5.0785 Gender Differentiation in Names (1/90)

Elaine Brennan & Allen Renear (EDITORS@BROWNVM.BITNET)
Thu, 26 Mar 1992 15:00:46 EST

Humanist Discussion Group, Vol. 5, No. 0785. Thursday, 26 Mar 1992.

Date: Wed, 25 Mar 92 14:39:45 CST
From: gary forsythe <gfgf@midway.uchicago.edu>
Subject: gender differentiation in personal names

I have a theory concerning gender differentiation in ancient Roman
nomenclature and would like to outline briefly what it is in the hope
that other members of Humanist can help corroborate my hypothesis by
pointing out similar parallels from other times and societies.

During historical times the Romans used a trinominal system. The first
name (praenomen) was a kind of personal name which was given to a boy by
his parents. Although the number of praenomina was quite varied in
early times, by the end of the republic the Romans tended to employ only
about a dozen praenomina. A Roman's second name (nomen) was inherited
from the father's clan or gens. Thus this name is often termed nomen
gentilicium. It roughly corresponds to last names used in the U.S. and
western European countries. The Roman third name (cognomen) could
either be inherited from a person's father and his ancestors and could
thus signify a particular lineage or subdivision within a much larger
clan or gens. The cognomen, however, could also be given to an
individual by way of a nickname, which was then passed on in subsequent
generations to the person's descendants.

The modern orthodox view has been and continues to be that Roman women
had only a nomen and cognomen, and that they did not have or were not
given a praenomen. It is my hypothesis that this modern orthodoxy is
wrong; and depending upon what I am able to put together, I would like
to write an article which takes issue with this modern orthodoxy.

We know from numerous inscriptions that the non-Roman peoples of early
Italy used a nomenclature system similar to the Romans. These same
inscriptions further indicate that the women from these cultures
possessed praenomina. Moreover, both early Latin inscriptions and a few
items in the literary sources suggest that a number of Roman women in
early times also possessed praenomina. Nevertheless, during the better
documented times of the late republic and empire both the inscriptions
and literary sources suggest that Roman women did not have praenomina.
It is due to this last point that modern scholars generally suppose that
Roman women in historical times were not given praenomina as were their
male sibblings.

In fact, there is some small body of information which suggests that
females continued to possess praenomina, but this evidence is either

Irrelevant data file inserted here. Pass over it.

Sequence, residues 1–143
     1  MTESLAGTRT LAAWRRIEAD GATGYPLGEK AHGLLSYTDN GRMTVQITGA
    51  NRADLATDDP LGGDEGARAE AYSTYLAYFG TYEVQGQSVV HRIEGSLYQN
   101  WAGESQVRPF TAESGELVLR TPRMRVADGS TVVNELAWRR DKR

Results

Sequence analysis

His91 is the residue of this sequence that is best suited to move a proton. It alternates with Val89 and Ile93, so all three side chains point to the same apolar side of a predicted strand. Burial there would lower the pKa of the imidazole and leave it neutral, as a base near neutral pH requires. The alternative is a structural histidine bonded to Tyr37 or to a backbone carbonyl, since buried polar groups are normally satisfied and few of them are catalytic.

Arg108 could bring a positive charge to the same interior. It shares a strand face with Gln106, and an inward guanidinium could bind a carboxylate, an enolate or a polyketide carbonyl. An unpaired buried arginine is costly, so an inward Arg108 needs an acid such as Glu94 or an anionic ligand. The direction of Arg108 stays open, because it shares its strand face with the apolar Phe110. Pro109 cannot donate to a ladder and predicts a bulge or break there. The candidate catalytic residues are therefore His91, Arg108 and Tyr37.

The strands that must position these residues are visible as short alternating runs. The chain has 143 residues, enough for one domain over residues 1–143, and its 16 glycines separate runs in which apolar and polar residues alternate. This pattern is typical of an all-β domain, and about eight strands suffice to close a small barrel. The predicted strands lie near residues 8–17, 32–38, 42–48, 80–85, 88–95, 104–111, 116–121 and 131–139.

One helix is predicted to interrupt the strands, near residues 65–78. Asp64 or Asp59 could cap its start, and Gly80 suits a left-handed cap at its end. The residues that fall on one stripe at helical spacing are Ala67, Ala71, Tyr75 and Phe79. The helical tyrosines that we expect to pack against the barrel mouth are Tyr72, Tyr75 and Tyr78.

ignored or explained away by modern scholars. I would like to put forth
the following explanation for the evidence and would like to invite any
responses from fellow humanists.

My view is that Roman girls were always given a praenomen by their
parents, but that social and cultural factors in Roman society produced
the distorted pattern that we have in our documentation. Evidence
suggests that Roman females married in their early or mid teens. When
they married a man, they did not change their own name in any way, and
the children whom they bore took the nomen and often even the cognomen
of the father, but they did not adopt any of the nomenclature from the
mother. Thus, within a nuclear family the mother was the only outsider
in terms of nomenclature. For example, if Fulvia Maxima married Gaius
Cassius Severus, their children would all take the nomen Cassius or
Cassia from the father. My theory is that given this circumstance, a
woman's praenomen was used only during her early years when she was part
of a family in which she had the same name (and perhaps same cognomen)
as her father and her sibblings. In this setting a praenomen would have
been useful, if not absolutely necessary, in order to distinguish among
the children. If the daughters within the same nuclear family did not
have praenomina, how would a father or mother or sibbling disaddress two
sisters without pointing? The two sisters would need something in their
nomeclature which would make each of them distinctive. This simple
point has, I think, been totally overlooked by modern scholars.

But if Roman females were given praenomina at birth and used them while
they were growing up, why is our evidence the way it is? I would further
suggest that when a woman married, she normally droped her praenomen
because her nomen sufficed to distinguish her from other persons,
especially in her new nuclear family where she was the only person who
had a nomen different from everyone else. In my view this social
situation would account for the apparent fact that Roman women did not
have or use praenomina, but it also, I think, has the advantage of not
discarding the little bit of evidence that we do have of women having

I hope that I have not been too confusing. The only model of which I can
think as an approximate parallel is the phenomenon in some western
societies (which seems to have gone out existence by now) in which a
married women took the name of her husband: e.g., Mary Brown marries
John Smith and becomes Mrs. John Smith. Can anyone offer more details
on this latter phenomenon, and could we envisage a situation in which
our documentation from an earlier period would be such that we would
have female names of the form Mrs. John Smith, which would lead scholars
to the erroneous conclusion that the women of that age did not have
their own personal names but were simply known as Miss Brown before

Gary Forsythe
University of Chicago